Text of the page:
One of the young women volunteering in Oldham spoke at our Annual General Meeting. Tara has agreed to have her speech published here;

“Before starting Brook, I was a stay at home mum and losing all confidence to go back to college or even work. I was really struggling to think what I wanted to do with my life. Then I saw a poster for Brook advertising that they wanted volunteers to work on a campaign. As soon as I seen it straight away I was eager to apply. I thought it was suitable as it involved working with young people and with me being a young mum I thought I could be good at giving advice. I still don’t know exactly what I want to do in life but volunteering for Brook has really boosted my confidence again and has helped me want to do something in life. Even though it’s early days with Brook we have a lot of excitement coming our way. We are currently working on our social action project which is about bullying. We will be running a cafĂ© and asking the public about what bullying means to them and what affects it can have on people. Also we just want to raise people’s awareness on bullying. Volunteering for Brook has helped me work really well in a team and we are all really looking forward to start our project.”

And Naomi's AGM speech about participation and her work at Brook is below;

"Hi, I’m Naomi Sheppard and I’m the Participation Lead for Brook.

"Having become One Brook is a fantastic opportunity for us to celebrate young people’s involvement and build on our successes around participation. Earlier this year we were successful in our funding application to the Paul Hamlyn Foundation who are funding Brook’s participation project for two years in order to build a culture of participation within the new Brook organisation.

"The key aims of the project are to:

  • increase opportunities for young people to influence policy and practice on sexual health
  • increase the skills and confidence of staff to promote and support young people’s participation in all areas of their work
  • increase the involvement of young people, particularly from priority minority groups such as disabled young people.

"We recognise the need for robust structures to provide genuine opportunities for young people to influence policy and decision-making at all levels of the organisation.

"With extensive changes to health commissioning there is a danger that user engagement will go missing in the change. Working within a current climate of major service redesign locally, regionally and nationally it is crucial that young people have a voice to influence, to ensure services of the future meet their needs.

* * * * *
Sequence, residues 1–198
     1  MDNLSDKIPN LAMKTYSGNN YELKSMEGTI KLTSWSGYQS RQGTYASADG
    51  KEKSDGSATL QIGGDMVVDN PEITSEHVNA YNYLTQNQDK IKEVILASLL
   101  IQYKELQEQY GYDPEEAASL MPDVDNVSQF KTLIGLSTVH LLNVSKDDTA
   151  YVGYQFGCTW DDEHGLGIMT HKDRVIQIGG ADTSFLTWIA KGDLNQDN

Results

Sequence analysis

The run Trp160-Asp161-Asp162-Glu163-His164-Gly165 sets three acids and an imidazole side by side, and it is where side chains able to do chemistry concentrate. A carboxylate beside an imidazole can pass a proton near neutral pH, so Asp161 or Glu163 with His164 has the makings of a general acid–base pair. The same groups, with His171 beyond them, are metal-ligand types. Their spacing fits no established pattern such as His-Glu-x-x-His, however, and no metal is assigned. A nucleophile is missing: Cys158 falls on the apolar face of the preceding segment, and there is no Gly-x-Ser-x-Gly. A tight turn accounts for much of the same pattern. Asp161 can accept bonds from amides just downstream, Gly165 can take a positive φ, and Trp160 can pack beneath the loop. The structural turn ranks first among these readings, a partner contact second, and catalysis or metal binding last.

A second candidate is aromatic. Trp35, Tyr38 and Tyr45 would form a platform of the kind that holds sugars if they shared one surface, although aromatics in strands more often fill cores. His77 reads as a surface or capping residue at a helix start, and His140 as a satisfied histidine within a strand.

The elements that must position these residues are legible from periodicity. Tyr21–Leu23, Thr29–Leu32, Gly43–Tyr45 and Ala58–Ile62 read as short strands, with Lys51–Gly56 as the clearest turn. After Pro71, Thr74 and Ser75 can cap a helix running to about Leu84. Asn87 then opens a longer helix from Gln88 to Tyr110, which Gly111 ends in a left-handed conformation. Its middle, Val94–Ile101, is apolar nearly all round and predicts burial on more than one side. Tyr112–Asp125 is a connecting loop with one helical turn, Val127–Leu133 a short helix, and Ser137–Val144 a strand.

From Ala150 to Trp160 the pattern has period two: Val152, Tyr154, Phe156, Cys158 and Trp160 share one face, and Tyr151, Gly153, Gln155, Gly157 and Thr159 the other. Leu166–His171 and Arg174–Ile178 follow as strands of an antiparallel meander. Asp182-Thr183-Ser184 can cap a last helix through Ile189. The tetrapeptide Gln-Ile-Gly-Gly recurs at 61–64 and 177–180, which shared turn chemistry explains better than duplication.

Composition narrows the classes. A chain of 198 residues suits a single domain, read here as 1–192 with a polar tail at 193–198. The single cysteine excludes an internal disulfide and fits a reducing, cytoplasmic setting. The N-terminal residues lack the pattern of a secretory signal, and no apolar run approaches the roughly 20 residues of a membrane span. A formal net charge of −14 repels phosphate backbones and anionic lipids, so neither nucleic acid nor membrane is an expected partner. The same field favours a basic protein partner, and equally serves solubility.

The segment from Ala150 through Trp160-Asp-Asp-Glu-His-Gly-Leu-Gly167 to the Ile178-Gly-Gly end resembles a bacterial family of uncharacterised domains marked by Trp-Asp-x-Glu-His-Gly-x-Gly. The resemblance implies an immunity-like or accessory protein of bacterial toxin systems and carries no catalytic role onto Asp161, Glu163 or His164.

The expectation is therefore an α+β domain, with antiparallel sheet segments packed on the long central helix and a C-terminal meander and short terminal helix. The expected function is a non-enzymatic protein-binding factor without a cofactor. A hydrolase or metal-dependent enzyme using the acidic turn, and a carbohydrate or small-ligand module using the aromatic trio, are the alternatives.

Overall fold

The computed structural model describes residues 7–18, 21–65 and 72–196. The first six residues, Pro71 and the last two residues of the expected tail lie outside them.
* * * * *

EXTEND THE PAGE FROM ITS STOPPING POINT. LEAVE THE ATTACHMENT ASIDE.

"So far this year, young people have been actively involved in shaping Brook, by their involvement in the Tier 1 and 2 recruitment processes and now the Middle Management and Administration restructure.

"They have continued to shape and take ownership of Brook services via mystery shopping, peer education programmes, as campaign and outreach volunteers, and as Trustees on the Board. We have continued to work creatively with young people to ensure that their voices are heard, including supporting them to create short films, pod casts, posters, leaflets and blogs.

"Through our partnership with the O2 Think Big foundation, we are in the process of supporting young people to deliver 15 social action projects across Brook, focusing on issues ranging from breastfeeding support for young mums, anti-bullying, legal rights for Trans* young people, and accessibility for young people with disabilities.

"There is also the V24/24 programme which was successfully delivered in London, Liverpool and Oldham, providing a work experience placement for 24 weeks to young people who are viewed by society as the most vulnerable, offering key opportunities and tailored personal development plans to support them to achieve their individual goals.

"The young people that I’ve had the pleasure of working with this year have completely shattered society’s negative stereotype of young people. They are hard working, motivated, enthusiastic and passionate about young people’s rights around sexual health. And on that note I’d like to hand the floor over to some of our young volunteers so that they can tell you more about their social action projects and achievements themselves."

So back to me: I am proud of our progress so far, and am energised and excited by how much more we can do to work with young people to promote and protect sexual rights, to improve sexual health and wider health and well being.  It is a journey that will continue and continue and its a journey I am very much looking forward to - I am sure there will be some white knuckle roller coaster moments and I hope some times we will be able to sit back and enjoy the view and most of all I hope that young people's involvement will help us kick up the dust when we need to and shout from the roof tops about young people's rights.